- Relationship. This price is one that high-level executives have been calculating for years as providers woo them with memberships in customer councils and invitations to private events. But it’s less familiar to lower-level buyers, who are only beginning to calculate this piece as the economics of social media open up the privileges of relationship from cheesy tchotckes at trade shows to online social networks.
- Account history. Buyers assume that the price of content will change depending on the number of times they have engaged with you. Even the most basic lead scoring mechanism raises the price of content as buyers consume more of it—i.e., If you download two white papers a week for a month, you should expect a call from a salesperson. Buyers get that—or at least they will probably see the logic in the pricing.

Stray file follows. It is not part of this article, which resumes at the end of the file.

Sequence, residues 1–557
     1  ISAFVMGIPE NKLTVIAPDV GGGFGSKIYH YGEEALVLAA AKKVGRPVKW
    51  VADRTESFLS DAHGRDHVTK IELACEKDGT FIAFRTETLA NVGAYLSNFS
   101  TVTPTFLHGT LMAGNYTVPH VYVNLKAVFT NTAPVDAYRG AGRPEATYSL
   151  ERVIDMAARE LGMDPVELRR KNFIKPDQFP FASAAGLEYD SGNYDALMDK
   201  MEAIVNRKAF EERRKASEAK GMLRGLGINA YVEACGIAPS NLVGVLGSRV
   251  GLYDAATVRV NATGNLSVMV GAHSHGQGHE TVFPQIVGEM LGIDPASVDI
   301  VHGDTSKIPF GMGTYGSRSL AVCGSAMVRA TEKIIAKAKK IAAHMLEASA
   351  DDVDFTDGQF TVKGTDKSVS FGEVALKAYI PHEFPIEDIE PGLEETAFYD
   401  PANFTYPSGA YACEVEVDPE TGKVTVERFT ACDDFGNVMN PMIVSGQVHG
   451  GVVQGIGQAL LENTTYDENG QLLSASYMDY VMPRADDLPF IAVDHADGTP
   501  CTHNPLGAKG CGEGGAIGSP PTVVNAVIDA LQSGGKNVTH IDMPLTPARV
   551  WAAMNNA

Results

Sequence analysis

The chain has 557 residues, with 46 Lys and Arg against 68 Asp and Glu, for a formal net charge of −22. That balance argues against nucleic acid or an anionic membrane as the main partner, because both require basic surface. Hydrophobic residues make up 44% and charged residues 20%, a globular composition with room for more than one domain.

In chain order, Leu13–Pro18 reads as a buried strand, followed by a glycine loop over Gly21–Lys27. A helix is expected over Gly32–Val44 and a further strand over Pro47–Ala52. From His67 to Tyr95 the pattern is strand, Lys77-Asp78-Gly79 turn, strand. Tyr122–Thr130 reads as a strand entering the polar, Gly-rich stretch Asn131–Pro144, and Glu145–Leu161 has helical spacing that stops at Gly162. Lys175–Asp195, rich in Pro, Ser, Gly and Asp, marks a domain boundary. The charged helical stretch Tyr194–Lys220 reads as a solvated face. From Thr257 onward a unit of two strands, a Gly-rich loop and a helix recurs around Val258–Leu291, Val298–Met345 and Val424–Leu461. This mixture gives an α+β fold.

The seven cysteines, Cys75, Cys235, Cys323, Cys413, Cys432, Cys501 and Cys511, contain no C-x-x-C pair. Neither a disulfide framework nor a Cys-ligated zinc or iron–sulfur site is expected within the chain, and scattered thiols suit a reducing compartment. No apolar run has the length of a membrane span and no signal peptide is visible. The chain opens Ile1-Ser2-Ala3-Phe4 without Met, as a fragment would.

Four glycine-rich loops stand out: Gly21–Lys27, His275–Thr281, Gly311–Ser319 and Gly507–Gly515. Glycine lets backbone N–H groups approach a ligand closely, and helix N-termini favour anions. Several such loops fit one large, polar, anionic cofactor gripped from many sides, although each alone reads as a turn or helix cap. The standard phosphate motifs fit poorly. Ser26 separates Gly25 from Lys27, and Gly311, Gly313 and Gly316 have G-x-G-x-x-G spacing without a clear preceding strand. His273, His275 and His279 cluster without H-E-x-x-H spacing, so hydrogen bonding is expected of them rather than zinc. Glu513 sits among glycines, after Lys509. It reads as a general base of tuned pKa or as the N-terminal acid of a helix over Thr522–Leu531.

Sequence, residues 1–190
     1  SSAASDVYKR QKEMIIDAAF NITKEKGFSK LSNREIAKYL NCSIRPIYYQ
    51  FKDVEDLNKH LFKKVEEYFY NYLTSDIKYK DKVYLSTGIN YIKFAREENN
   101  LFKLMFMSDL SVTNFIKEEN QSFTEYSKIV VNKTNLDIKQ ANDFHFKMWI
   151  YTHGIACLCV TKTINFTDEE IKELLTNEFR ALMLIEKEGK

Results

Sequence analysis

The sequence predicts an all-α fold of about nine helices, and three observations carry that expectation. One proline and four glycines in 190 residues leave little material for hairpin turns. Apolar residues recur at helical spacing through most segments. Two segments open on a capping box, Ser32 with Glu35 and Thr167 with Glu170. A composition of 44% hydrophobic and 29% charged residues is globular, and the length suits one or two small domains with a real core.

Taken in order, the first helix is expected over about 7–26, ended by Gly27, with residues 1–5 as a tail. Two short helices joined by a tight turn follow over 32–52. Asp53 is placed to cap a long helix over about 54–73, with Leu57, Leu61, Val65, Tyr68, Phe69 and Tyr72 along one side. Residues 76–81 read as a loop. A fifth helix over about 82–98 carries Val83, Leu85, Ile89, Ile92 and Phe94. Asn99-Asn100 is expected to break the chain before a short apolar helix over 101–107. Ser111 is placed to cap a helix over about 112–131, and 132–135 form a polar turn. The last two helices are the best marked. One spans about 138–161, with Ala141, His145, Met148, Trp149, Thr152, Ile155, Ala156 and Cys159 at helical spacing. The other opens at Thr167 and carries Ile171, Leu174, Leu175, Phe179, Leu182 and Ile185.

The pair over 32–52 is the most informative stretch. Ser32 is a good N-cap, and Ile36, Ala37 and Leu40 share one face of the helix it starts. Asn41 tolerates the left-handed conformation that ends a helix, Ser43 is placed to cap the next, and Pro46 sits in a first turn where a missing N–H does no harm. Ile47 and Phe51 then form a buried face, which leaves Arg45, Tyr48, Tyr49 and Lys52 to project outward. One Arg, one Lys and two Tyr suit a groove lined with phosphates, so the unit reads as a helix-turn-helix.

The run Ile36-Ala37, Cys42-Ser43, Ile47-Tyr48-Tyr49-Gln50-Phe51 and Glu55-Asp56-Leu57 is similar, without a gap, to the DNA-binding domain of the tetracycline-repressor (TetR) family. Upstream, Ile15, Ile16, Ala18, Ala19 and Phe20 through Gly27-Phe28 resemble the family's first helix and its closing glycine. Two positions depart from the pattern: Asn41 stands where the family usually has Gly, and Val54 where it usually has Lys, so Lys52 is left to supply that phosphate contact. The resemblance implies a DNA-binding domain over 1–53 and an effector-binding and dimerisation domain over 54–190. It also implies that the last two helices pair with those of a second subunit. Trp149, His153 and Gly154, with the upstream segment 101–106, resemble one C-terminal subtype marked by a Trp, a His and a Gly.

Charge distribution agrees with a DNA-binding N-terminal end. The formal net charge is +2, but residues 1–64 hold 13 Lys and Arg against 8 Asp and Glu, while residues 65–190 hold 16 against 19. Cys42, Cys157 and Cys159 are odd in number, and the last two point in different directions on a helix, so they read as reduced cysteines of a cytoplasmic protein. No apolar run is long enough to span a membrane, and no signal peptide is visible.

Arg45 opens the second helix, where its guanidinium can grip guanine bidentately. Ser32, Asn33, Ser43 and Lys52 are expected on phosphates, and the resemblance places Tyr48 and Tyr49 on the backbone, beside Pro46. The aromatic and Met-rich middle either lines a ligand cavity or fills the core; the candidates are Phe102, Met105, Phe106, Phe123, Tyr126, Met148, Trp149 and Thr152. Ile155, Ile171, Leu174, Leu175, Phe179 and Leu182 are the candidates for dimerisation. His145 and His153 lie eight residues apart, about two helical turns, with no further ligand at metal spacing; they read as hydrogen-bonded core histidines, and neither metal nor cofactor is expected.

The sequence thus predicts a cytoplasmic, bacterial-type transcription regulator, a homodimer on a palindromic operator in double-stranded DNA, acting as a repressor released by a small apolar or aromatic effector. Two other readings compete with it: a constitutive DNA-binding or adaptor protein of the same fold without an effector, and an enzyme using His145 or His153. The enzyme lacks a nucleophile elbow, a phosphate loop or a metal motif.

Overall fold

- Culture and location. Culture, both corporate and social, affects the price that buyers are willing to pay for content. For example, research shows that Europeans value their privacy more than Americans—meaning that their information may cost you more. And some companies have disclosure rules that make it hard for their executives to participate on customer advisory boards.
The price will change
We should evaluate our content pricing models to see if we’re charging the right amounts. We should expect those prices to change as social media takes hold among buyers. For example, 99.9% of the links I click on in Twitter take me directly to the content advertised in the tweets. And when there is a gate, most Twitterers take the precious real estate needed to say that registration is necessary. Just as the web has gutted the business model of publishing it has also reduced the price of marketing content. It has also changed the scope of our content process, as Jon Miller points out here.
Mobile raises the price
But the price can go up, too. That possibility hit home with me this week as I read Steve Woods’ post about the B2B implications of the iPad. Steve points out, among other things, that the richer environment of the iPad could revive the “print” advertising market.